today in booze

Can a Midori Sour Actually Be Good?

The new and improved Midori sour at Gibson + Luce. Photo: Melissa Hom

The story of the Midori sour is one of a drink gone astray. Midori itself isn’t bad. Sure, it’s the color of Hi-C Ecto Cooler, but it’s also a subtly flavored melon liqueur that — when used properly — is not unlike honeydew. However, when it’s carelessly mixed with sour mix and vodka, as it is in the Midori sour, it turns into a drink that is as sickly sweet as it is blindingly colored.

Of course, we’re living in the golden age of talented bartenders saving drinks that have been made badly for too long. If someone can find a silver lining in a Long Island Iced Tea, surely the same can be done for this melon cocktail. And it is possible: At Greenwich Village’s Up & Up, the Insanely Good Midori Sour ditches sour mix for the subtler flavors of fresh lemon juice and lime cordial, while calling for gin instead of vodka to add a few layers of floral texture. Meanwhile, drinks site Punch offers a dash of lime juice and an egg white as an easy alternative to the original recipe. The argument isn’t that Midori should be thrown out of the bartenders’ canon; it just needs a serious makeover.

When it opens for business on Friday night, Gibson + Luce, will take this idea one step further. “Midori’s had everything go bad for it,” says Luis Hernandez, the bar’s head bartender and GM, “but it has an extremely unique flavor, so we thought, Let’s make a Midori sour and let’s make it good.”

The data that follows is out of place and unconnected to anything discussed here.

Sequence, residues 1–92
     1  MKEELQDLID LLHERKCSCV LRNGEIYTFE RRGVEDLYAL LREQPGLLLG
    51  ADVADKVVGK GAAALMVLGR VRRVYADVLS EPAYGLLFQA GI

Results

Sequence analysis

Gibson + Luce is the latest step in a major overhaul at Midtown’s Life Hotel, where chef J.J. Johnson opened his first restaurant in the hotel’s lobby in late August. Directly across from the restaurant, beverage director Pam Wiznitzer developed a series of cocktails designed to complement Johnson’s Pan-African cuisine. But at Gibson + Luce, the menu will be completely independent of Henry, focusing instead on the craft-cocktail revolution that’s taken hold at bars like the Dead Rabbit and Pegu Club.

For their take on the Midori sour, Hernandez and Wiznitzer play up Midori’s delicate melon flavor while cutting through its candylike sweetness with fresh lemon juice, apple juice, and orange bitters. They, too, use gin instead of vodka. The drink, now a light spring green instead of a violent neon, sits beneath a dense cloud of egg white that’s also garnished with dried tea leaves. The finished $15 drink doesn’t make you rethink the idea of a Midori sour as much as it lets you simply enjoy it.

“There’s nothing magical here,” Hernandez says. “It’s just well-done.”

That’s the edict that will dictate what drinks Hernandez and Wiznitzer add to the menu at Gibson + Luce. There will be all the telltale signs of a craft cocktail bar — fat-washing, edible bubbles, milk punches, liquid nitrogen, and dried ice — but the idea is to use those techniques to simply improve the drinks. “We’re hiding the nerdy stuff, so you can get your drink faster,” Hernandez says, “but if a drink is so interesting that a guest has questions, we’ll be more than happy to talk technique.”

Can a Midori Sour Actually Be Good?